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Supporting autistic students

Supporting autistic students

Autism is a lifelong developmental disability. Children with autism experience the world around them differently to other children. This means that bright lights, loud noises or changes to routine can have a much bigger impact on a child with autism’s behaviour than it would for other pupils.

Here we set out some simple changes schools can implement that will make a huge difference to autistic pupils' ability to thrive at school. 

 

Training and leadership

Understanding of autism must begin in teaching training, and a willingness to support these neurologically different children must be embedded within a school's leadership team. A special educational needs coordinator (SENCO) should be part of this team so that a positive approach to supporting children with autism is filtered down from the top.

 

Find out what the pupil needs

Every child with autism is different and has different needs. It sounds simple, but the best way to understand what causes certain behaviour is to ask the pupil themselves, or involve their parents. Working together with parents and the pupil right from the start is the best way to implement successful adjustments that will enable the pupil to flourish.

 

Manage change

Disruption to routines can have a much bigger impact on children and young people with autism than other pupils so explaining changes before they happen is crucial. Support staff can play a key role in helping children manage this so it's vital they are informed well in advance about any changes to lessons, teaching staff, or even seating arrangements. Introducing timetables for the day also helps autistic children and young people predict what’s happening next and reduces anxiety about changes to routine.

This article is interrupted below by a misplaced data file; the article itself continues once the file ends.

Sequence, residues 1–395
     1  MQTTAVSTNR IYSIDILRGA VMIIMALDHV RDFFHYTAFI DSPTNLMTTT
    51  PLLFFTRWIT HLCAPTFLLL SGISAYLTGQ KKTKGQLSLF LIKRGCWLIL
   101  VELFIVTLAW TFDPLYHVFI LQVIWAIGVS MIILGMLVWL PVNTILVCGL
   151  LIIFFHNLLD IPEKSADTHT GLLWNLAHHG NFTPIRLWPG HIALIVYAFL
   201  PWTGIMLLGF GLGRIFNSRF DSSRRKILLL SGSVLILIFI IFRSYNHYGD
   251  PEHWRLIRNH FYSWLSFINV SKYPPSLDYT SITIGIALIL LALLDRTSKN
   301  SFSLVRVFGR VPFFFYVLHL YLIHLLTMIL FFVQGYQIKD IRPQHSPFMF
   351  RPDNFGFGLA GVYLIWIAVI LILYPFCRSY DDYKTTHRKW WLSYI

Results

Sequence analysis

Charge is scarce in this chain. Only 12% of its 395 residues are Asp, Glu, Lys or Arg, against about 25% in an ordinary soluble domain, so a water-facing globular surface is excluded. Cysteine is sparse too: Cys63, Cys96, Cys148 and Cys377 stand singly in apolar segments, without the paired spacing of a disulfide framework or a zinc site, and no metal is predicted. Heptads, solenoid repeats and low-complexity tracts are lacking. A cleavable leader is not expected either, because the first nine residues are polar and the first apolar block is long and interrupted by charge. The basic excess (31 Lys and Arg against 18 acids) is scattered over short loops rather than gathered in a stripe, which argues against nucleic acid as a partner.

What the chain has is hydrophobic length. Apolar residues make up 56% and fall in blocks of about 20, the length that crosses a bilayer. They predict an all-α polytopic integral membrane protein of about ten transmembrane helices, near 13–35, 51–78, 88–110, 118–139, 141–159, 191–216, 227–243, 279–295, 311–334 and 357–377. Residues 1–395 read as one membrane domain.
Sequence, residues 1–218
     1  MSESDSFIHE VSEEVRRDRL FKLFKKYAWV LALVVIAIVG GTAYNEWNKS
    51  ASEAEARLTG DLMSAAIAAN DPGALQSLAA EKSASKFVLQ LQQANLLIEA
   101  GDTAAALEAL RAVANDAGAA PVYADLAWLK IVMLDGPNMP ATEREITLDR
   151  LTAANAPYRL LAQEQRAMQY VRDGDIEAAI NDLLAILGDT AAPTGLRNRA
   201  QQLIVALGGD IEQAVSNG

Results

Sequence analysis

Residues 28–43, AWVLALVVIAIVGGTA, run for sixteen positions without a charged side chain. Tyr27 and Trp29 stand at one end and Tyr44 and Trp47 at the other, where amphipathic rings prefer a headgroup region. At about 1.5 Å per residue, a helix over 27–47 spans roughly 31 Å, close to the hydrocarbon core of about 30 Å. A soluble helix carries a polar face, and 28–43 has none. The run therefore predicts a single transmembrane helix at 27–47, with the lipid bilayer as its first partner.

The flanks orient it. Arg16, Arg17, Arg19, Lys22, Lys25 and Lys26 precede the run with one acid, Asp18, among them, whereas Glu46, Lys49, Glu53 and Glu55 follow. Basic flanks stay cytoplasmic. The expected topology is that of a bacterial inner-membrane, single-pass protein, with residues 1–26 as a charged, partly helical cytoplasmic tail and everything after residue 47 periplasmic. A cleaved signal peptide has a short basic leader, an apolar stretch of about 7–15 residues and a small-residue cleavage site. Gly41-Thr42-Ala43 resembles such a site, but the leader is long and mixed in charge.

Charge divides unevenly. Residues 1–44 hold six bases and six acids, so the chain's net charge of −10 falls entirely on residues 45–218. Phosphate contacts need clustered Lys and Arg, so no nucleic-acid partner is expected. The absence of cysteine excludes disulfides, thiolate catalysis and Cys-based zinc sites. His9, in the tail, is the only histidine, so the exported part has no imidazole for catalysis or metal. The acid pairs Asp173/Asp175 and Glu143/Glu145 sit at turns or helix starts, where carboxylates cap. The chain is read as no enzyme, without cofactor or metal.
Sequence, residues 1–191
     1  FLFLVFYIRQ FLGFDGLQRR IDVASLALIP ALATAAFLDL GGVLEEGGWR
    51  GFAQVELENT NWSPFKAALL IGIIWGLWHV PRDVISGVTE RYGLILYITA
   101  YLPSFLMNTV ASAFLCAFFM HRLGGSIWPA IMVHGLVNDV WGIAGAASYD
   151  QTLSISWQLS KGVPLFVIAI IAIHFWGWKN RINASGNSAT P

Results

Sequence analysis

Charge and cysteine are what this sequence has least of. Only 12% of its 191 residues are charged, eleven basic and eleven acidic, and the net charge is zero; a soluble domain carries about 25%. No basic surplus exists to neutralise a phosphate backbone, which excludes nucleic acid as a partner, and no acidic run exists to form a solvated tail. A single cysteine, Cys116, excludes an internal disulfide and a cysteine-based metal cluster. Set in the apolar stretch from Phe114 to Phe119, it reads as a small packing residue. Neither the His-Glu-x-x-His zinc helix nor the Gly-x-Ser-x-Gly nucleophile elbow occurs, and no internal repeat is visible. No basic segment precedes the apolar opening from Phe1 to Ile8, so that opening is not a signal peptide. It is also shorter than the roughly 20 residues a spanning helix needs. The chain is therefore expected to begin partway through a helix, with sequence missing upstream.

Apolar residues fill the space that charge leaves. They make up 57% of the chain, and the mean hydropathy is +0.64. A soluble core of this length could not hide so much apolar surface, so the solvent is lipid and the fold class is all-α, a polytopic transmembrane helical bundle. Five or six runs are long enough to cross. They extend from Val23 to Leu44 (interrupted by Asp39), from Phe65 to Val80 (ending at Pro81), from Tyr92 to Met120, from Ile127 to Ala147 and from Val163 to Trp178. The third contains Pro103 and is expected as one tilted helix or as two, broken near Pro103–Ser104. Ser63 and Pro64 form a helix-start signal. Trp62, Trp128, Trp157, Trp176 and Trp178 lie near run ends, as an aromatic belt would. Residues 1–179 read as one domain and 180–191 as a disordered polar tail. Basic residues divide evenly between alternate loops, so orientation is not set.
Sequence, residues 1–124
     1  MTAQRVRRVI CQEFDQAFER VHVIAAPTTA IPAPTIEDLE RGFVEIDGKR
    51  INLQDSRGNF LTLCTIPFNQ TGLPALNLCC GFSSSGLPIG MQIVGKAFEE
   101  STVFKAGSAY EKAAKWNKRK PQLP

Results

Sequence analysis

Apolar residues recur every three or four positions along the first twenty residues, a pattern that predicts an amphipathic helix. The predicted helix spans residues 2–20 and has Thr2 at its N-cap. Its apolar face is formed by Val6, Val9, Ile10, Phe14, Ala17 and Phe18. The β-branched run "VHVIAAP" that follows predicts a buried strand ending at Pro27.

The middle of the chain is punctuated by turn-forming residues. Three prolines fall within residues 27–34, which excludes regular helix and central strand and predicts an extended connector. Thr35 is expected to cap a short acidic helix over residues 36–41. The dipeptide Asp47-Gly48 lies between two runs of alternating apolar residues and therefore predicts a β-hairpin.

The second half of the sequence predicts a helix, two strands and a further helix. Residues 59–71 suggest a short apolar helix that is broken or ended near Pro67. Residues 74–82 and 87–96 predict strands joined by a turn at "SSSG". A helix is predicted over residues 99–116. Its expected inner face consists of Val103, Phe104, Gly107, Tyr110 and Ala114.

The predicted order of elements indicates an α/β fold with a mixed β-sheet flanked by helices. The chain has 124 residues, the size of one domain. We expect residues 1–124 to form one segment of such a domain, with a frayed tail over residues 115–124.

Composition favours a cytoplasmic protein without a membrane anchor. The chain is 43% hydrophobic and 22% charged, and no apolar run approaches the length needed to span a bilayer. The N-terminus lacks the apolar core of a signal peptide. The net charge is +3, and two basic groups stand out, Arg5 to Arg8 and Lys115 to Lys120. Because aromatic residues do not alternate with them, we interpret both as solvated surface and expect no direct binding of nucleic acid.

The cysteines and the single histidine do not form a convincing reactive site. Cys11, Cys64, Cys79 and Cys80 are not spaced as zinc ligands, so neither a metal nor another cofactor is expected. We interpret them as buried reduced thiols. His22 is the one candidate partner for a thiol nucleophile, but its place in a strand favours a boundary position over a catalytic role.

Learning environment

Children and young people with autism can struggle to process everyday sensory information - and if this gets too much it can result in withdrawal or challenging behaviour. It's crucial that learning plans are individualised and children with autism are given more time to process tasks - including homework. Clear instructions and simple language also aid understanding and reduce anxiety. Providing a quiet room and looking at ways to reduce white noise in classrooms are also helpful.

 

Providing extra structure

Autistic pupils often find unstructured times of the day - such as lunch and breaks - very stressful as they don’t know what is expected of them. Providing extra support during these periods - such as choice boards or structured games- can really help bring continuity to their day, and ensure they are ready to learn when they return to the classroom.

 

Further information

Our Include Autism campaign has lots of top tips for improving support and understanding of autistic children and young people's need across society, including in education.